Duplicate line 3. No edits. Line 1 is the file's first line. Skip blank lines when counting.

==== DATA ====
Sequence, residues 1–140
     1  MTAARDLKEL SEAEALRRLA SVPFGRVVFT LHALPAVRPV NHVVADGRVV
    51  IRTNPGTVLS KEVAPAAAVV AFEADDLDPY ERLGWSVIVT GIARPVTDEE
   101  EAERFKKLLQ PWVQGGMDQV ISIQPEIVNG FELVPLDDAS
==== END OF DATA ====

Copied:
    51  IRTNPGTVLS KEVAPAAAVV AFEADDLDPY ERLGWSVIVT GIARPVTDEE